I have come to learn that my room is haunted by the ghosts of old Dartmouth from eons past, perpetually awake and laboring on papers and problem sets into the wee hours of daybreak. Others slumber on the couch for weeks, having been sexiled by their more fortunate roommates whose girlfriends had come to visit from afar. These are the paranormal entities that make their appearances known at the end of an involved night on the town.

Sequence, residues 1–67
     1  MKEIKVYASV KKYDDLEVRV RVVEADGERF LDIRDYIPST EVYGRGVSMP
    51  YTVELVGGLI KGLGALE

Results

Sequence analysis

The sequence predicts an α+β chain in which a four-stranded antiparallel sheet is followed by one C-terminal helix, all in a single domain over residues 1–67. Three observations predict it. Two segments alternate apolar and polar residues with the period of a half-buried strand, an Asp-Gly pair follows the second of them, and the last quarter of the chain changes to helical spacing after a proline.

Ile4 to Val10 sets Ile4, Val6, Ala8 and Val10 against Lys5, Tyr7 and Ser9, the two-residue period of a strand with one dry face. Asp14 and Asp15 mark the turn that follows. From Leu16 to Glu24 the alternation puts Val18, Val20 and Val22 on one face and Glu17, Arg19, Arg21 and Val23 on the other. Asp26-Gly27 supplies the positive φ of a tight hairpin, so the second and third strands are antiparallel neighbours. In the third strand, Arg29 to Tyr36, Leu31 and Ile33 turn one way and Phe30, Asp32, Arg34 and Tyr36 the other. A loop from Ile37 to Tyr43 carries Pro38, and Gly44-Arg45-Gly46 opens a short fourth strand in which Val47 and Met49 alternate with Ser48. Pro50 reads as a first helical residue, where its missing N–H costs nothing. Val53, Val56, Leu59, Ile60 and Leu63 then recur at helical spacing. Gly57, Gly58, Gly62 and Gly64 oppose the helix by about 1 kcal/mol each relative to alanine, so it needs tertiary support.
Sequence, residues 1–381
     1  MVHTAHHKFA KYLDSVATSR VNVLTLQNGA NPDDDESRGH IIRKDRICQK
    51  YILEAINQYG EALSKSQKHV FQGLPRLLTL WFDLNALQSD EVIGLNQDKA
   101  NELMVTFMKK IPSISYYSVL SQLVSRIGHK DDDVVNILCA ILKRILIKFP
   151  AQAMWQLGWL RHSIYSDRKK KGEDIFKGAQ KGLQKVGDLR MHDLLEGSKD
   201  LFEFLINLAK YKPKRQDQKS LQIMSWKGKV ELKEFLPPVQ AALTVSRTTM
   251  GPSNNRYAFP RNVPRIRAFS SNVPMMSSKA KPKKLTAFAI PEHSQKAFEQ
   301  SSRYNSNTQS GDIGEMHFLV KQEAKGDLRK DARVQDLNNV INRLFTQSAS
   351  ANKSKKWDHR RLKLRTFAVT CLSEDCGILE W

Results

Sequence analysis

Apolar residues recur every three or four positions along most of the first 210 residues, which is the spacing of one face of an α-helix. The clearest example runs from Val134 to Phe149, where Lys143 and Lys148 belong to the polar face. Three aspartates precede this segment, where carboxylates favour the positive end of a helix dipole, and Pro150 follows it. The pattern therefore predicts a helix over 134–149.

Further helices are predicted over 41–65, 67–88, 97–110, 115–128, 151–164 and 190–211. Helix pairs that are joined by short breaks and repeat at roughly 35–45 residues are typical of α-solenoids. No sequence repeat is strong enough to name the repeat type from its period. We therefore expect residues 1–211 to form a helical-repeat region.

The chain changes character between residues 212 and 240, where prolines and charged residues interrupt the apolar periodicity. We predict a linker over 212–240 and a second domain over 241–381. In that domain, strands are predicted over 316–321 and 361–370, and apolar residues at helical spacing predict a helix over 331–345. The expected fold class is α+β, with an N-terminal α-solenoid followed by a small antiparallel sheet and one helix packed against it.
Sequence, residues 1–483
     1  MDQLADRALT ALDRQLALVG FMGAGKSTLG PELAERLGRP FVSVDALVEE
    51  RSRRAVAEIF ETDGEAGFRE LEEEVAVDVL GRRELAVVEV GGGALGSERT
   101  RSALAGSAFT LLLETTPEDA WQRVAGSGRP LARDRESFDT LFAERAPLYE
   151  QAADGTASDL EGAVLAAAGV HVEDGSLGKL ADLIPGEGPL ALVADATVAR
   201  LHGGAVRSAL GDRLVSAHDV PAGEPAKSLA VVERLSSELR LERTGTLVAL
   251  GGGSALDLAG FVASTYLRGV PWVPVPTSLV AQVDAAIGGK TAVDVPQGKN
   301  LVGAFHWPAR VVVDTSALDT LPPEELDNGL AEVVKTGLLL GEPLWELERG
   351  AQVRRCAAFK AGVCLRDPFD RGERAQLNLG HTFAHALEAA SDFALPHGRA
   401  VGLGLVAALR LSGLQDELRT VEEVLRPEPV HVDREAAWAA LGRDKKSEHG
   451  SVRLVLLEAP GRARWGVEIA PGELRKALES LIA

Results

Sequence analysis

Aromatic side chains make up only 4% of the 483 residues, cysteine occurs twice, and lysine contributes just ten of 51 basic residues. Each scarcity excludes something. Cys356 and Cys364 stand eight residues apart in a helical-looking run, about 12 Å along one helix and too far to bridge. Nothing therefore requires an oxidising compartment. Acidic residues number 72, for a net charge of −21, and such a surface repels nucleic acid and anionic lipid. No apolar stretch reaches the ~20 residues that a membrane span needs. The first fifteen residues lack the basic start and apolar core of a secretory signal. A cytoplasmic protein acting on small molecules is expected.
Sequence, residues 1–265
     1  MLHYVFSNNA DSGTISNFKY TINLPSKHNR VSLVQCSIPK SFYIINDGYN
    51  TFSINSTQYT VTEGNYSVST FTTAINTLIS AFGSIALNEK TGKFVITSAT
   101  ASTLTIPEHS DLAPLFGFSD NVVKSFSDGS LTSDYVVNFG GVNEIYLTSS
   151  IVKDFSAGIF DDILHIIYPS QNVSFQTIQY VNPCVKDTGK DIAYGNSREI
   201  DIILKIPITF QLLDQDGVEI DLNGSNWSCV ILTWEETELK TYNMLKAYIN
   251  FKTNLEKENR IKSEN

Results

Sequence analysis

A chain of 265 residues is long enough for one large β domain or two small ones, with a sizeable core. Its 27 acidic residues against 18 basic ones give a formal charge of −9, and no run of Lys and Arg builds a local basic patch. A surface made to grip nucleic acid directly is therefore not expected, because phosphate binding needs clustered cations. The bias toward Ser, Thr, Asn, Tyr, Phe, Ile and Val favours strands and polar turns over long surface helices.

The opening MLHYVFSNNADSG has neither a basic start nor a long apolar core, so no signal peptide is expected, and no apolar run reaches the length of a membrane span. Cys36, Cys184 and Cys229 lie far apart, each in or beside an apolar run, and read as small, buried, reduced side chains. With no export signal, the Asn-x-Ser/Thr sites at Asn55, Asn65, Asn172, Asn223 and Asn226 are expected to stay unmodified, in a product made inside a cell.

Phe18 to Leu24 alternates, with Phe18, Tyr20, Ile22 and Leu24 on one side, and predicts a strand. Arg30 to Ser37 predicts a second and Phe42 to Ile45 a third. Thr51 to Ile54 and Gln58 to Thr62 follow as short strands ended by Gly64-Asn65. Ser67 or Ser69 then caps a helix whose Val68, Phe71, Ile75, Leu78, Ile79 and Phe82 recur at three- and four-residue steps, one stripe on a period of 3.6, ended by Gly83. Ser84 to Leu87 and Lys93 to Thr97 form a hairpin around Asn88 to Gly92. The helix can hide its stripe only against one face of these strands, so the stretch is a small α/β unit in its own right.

The room has beds, dressers, and desks, but if that’s all that makes a room, Kemeny 008 could be great option as the first one-room quad. On second thought: professors’ offices by day, student dormitories by night. I might have one of the larger “dorm rooms” on campus, but that is not the point. One can only go to the bathroom at night and get locked out of his room so many times before he can fairly demand that his door not lock only from the outside.

It is in that spirit – of using dorm rooms exclusively as dorm room – that I suggest the Dartmouth administration first rectify my situation before admitting another 1000 students.


Sincerely yours,

Zachary P. Port



Mr. Port,